At kde-apps.org there is a little KDE package available for Sony Ericsson mobile phones which enable the user to control different (KDE) applications via the mobile phone. It works like a charm and is easy to set up.
Most Sony Ericsson mobile phones with bluetooth offer the option to control the computer via bluetooth – this works basically and can come in handy in case of presentations or similar things. However, the standard profiles delivered with the mobile phone are first of all very basic and second not in every situation compatible with Linux applications.
However, it is possible to load custom profiles to the phone, and H1bakusha has created a set of profiles for different apps – among them Kaffeine, Amarok, VLC and OOo Impress. And they just work: after uploading them to mobile phone it detects them automatically as new profiles and imports them. Afterwards the profiles can be accessed like any other bluetooth control profile.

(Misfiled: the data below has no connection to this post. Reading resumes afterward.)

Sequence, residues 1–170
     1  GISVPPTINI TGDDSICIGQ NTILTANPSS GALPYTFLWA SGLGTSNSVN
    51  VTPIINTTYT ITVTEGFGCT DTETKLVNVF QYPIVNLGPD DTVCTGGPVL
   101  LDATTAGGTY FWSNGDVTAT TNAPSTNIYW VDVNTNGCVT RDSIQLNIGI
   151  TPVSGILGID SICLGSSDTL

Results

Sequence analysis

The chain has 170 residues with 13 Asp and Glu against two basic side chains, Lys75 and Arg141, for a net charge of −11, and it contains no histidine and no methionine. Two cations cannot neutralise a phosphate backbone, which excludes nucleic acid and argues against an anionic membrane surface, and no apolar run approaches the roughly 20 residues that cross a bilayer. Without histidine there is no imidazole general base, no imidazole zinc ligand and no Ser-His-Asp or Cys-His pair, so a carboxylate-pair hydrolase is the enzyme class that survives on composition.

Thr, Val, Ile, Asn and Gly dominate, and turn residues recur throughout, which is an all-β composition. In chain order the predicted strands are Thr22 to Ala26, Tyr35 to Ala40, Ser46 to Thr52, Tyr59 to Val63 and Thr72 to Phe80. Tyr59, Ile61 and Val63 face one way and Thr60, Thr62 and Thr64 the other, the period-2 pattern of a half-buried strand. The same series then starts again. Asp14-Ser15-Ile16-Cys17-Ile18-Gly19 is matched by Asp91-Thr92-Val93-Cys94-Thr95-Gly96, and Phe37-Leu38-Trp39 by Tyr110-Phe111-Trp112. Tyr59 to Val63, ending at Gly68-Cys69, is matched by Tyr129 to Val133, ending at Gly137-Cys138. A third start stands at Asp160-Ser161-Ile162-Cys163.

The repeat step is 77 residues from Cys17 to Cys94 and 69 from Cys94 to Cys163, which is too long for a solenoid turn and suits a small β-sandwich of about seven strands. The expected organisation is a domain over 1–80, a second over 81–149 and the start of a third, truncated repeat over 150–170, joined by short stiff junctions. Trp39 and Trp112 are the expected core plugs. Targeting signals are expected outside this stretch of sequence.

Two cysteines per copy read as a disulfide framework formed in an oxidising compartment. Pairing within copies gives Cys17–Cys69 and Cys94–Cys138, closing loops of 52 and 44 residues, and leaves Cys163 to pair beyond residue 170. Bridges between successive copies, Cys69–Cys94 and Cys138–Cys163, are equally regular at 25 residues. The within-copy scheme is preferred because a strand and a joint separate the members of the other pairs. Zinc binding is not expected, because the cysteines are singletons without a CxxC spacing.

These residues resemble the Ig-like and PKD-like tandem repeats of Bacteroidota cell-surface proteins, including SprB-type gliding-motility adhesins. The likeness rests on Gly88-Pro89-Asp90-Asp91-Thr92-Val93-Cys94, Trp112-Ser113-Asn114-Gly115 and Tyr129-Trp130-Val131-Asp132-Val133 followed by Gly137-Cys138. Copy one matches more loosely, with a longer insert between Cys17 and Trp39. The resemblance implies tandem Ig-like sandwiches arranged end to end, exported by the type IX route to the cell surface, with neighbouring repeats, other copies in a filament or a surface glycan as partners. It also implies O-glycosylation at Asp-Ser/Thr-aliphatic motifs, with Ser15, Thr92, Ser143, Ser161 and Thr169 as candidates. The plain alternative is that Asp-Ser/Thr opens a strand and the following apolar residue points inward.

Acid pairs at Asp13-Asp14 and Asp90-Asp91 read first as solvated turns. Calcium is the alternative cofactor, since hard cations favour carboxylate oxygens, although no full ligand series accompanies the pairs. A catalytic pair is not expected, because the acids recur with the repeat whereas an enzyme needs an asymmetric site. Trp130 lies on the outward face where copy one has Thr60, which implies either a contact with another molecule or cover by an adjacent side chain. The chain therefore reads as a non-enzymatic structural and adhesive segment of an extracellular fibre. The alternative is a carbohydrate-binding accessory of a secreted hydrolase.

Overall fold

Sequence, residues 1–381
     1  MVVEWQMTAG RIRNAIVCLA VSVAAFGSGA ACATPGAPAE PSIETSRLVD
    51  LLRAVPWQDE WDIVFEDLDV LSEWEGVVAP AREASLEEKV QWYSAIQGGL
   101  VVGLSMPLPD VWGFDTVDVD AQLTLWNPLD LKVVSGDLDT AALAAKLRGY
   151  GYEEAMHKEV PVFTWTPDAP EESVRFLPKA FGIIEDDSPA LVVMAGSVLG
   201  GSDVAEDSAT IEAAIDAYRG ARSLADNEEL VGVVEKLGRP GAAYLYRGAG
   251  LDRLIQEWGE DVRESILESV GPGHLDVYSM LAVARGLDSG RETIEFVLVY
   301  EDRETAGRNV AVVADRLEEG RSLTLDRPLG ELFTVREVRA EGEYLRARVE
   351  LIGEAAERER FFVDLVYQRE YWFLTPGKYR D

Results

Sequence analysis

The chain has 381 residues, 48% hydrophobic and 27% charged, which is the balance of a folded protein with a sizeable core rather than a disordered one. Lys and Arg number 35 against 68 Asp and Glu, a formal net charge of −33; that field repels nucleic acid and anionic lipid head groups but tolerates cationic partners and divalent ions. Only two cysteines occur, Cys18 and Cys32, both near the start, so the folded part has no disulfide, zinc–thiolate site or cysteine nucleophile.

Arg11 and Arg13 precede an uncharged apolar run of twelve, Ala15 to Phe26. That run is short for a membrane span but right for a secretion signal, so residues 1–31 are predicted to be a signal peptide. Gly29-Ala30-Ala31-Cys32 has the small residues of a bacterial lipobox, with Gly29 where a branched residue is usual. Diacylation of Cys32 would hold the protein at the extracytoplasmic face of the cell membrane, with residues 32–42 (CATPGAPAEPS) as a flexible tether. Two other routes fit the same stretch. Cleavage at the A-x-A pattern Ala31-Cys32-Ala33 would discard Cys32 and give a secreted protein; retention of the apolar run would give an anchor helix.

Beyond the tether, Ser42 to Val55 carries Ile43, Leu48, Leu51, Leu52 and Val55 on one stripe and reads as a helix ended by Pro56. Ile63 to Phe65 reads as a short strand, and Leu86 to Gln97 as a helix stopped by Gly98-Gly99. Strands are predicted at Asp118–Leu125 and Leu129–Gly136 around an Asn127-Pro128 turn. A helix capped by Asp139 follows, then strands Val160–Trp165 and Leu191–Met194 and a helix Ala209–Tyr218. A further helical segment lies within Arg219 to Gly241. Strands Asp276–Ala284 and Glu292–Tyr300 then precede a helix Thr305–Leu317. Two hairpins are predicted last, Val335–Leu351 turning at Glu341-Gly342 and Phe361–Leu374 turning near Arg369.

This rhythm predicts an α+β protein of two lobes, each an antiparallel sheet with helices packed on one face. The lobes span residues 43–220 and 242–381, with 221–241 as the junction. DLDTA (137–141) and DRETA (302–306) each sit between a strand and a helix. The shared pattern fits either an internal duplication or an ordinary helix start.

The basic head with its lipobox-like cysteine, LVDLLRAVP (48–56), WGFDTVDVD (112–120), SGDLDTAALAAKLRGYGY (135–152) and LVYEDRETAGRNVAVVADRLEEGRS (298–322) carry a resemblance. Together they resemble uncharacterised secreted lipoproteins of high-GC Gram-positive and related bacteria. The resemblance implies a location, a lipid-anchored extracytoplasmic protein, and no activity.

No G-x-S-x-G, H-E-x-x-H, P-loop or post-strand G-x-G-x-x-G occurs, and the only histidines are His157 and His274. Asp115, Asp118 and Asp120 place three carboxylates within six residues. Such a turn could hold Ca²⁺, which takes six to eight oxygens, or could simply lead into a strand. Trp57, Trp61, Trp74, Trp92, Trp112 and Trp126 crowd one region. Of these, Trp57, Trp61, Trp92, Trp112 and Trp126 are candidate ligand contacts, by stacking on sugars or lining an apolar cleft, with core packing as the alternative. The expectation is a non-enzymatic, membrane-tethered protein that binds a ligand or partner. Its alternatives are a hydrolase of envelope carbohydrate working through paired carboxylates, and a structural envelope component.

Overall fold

But before you start you have to confirm the access first: this can be done easily with the kdebluetooth framework (which is part of Fedora and most other distributions, I guess). Start it, and you are automatically asked if the application is allowed to access the system. If you agree you are able to control your media application via your mobile phone. And your KDE-Desktop as well, since there is also a “Desktop” profile.
Thanks for the work, H1bakusha!
I now just wonder what the state of KDE-Bluetooth for KDE 4 is. I never heard of any attempts to port the framework, but I would really miss it in KDE 4. Additionally the framework could be enhanced by the use of Plasmoids: think of a Plasmoid where you can just drag&drop files too to send them via bluetooth to a certain device, or a Plasmoid which would show incoming files until you drag&drop them to somewhere else.